Uncertainty is the key word in everything right now, including the 2020 WNBA draft. It’s scheduled for April 17, but with the NBA season shut down due to the coronavirus pandemic, it’s unknown whether the draft will still take place, and if the WNBA season itself will begin May 15.
WNBA commissioner Cathy Engelbert released a statement on March 12 saying the league would “continue to scenario plan around our upcoming events and season” and that “further details will be shared later this month.”
One big name has been added to the draft list: UConn’s Megan Walker, a draft-eligible junior who announced Saturday she was forgoing her final season with the Huskies. But Oregon senior Sabrina Ionescu continues to lead the way in our mock draft.
Sabrina Ionescu, G, Oregon
Ionescu said in an Instagram post Monday that this has been the toughest year of her life. She won’t get a last chance to try to win an NCAA tournament title, and her first season in the WNBA might be delayed. But safe to say when she does get back on the court, which is expected to be with the Liberty, she’s a player everyone is eager to see transition to the pro game. She averaged 17.5 points, 8.6 rebounds and 9.1 assists this season.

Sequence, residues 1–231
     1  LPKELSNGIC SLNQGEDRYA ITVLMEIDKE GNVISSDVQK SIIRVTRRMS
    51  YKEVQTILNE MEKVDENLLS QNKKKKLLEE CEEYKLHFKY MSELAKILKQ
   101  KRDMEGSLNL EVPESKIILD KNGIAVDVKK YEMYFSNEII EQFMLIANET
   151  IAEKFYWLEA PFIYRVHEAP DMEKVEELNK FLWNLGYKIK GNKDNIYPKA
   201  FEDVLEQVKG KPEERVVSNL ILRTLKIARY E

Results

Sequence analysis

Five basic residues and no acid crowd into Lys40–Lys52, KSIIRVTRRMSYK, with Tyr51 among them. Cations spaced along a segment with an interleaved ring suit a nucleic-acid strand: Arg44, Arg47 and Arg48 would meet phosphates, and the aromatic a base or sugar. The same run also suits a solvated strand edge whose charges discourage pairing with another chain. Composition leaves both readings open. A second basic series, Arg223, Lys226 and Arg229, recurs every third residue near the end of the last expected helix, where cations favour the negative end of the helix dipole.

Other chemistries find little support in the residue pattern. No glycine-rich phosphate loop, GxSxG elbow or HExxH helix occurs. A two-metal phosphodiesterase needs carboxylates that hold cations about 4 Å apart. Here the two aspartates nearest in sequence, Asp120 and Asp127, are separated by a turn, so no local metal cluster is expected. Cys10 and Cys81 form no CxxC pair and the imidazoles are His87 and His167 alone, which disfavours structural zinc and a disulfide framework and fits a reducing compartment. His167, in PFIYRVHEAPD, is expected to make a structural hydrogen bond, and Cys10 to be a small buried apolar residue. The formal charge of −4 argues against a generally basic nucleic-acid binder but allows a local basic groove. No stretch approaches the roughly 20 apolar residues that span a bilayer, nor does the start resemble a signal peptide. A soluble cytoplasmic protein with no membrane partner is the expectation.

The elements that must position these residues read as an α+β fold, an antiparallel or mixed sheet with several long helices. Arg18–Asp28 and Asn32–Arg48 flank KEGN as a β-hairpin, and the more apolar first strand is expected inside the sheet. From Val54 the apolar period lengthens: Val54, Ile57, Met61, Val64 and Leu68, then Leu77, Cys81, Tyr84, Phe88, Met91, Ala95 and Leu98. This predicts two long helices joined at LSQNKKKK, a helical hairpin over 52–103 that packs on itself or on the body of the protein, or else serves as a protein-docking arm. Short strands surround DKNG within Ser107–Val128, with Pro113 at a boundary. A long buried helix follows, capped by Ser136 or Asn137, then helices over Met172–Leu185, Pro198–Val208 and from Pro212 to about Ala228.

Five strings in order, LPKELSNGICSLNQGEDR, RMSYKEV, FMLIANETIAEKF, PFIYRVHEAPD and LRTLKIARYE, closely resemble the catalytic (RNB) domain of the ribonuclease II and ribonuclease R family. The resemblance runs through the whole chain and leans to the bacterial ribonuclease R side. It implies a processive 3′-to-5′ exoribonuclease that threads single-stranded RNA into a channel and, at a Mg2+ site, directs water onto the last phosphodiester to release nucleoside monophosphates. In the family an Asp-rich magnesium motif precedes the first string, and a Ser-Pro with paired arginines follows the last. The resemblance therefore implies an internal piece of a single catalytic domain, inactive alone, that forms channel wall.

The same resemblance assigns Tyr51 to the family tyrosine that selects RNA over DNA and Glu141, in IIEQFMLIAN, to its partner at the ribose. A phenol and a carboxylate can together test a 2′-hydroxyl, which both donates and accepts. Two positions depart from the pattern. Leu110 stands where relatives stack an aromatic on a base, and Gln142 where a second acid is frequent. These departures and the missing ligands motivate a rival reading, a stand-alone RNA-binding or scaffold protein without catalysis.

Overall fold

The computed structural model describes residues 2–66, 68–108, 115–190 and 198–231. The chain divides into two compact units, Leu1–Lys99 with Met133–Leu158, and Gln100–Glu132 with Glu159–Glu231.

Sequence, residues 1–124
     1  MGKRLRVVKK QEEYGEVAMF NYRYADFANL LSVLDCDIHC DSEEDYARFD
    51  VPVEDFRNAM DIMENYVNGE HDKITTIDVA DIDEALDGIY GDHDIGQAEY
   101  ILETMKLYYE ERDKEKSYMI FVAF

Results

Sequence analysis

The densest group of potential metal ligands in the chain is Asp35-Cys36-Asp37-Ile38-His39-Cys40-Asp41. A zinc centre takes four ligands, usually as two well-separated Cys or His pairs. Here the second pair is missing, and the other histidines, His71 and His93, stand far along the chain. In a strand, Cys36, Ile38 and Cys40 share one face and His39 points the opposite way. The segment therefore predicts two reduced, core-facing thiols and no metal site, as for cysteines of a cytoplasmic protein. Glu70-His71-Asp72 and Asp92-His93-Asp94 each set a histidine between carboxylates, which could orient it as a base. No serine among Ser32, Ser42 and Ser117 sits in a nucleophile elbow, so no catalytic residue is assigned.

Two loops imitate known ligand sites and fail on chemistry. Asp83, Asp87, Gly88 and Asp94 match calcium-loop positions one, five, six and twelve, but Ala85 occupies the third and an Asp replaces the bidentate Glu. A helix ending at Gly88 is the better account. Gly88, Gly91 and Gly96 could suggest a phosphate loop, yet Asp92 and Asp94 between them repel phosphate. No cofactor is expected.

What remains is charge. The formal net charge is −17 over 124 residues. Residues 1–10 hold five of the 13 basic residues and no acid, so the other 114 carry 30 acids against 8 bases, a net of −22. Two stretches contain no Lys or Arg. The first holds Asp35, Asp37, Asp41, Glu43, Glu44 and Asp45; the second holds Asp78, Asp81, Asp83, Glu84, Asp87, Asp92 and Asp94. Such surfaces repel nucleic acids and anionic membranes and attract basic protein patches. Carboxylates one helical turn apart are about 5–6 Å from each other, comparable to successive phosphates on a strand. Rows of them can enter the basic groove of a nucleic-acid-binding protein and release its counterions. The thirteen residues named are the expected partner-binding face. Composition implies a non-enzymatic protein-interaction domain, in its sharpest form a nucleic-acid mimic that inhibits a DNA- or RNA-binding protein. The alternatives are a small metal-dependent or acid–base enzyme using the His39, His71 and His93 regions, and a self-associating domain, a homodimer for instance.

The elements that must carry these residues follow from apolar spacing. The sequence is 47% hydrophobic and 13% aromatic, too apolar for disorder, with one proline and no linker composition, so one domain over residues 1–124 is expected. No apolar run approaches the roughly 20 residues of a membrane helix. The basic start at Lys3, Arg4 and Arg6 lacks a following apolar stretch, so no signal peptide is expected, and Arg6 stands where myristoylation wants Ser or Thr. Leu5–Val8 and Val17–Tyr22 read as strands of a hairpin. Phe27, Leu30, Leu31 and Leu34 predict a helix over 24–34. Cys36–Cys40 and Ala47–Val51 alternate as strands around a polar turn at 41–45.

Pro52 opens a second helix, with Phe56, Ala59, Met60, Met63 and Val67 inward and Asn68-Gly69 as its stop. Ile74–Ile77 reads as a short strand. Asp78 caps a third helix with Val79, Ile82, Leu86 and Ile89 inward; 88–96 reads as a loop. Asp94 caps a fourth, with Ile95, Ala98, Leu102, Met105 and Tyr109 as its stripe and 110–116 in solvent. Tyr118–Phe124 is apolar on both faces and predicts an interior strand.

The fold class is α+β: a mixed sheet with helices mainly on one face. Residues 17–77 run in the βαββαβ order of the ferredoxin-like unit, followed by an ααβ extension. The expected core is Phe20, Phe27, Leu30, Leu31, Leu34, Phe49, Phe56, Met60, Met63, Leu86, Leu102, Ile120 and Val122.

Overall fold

Lauren Cox, F, Baylor
The Wings have four first-round picks and are in the driver’s seat for how much of the first round will go. (Of course, some of these picks might be traded.) Cox dealt with a stress reaction in her foot during the season and sat out eight games, but that didn’t stop her from winning Big 12 Player of the Year honors and leading the Lady Bears to the conference’s regular-season title again. The Dallas native is a strong defender and passer, and can score in the paint and facing up. She averaged 12.5 points and 8.4 rebounds this season.
Satou Sabally, F, Oregon
If the Wings don’t take Sabally, then Indiana probably will. She could fit in really well with a Fever team that is still rebuilding, and has a new coach in veteran Marianne Stanley. The draft-eligible junior is thought to have a very high ceiling, with terrific athleticism and the ability to score from all over. She finished the season averaging 16.9 points and 6.9 rebounds. And at 6-foot-4, she made 45 3-pointers.
Chennedy Carter, G, Texas A&M
Carter is a draft-eligible junior. She hasn’t declared for the draft yet but most think she has lottery-pick talent. The Dream will look a lot different this season no matter whom they select, because signature player Angel McCoughtry left to sign with Las Vegas. Is Carter, a guard with a high usage rate who can create shots better than most, exactly what Atlanta needs? A distributing guard might seem a better roster fit, but Atlanta probably can’t pass her up if Carter is available.
Megan Walker, G, UConn
Walker didn’t have a chance to play in an NCAA tournament in which she was the key go-to player. Some observers think she could use another year at UConn. But she believes she is ready, and she led the Huskies in scoring this season (19.7 points), plus was the American Athletic Conference Player of the Year. She shot 45.1% from 3-point range (78 of 173) as a junior.